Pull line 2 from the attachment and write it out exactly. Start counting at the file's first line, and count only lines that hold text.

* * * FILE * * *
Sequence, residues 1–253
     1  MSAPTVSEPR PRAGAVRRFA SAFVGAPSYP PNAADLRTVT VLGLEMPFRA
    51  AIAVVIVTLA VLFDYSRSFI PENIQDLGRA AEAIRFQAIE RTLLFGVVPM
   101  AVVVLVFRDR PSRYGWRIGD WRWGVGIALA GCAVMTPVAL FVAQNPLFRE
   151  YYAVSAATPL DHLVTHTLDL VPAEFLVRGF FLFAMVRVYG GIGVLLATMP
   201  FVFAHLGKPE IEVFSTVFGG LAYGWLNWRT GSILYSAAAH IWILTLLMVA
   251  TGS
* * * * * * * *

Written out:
     1  MSAPTVSEPR PRAGAVRRFA SAFVGAPSYP PNAADLRTVT VLGLEMPFRA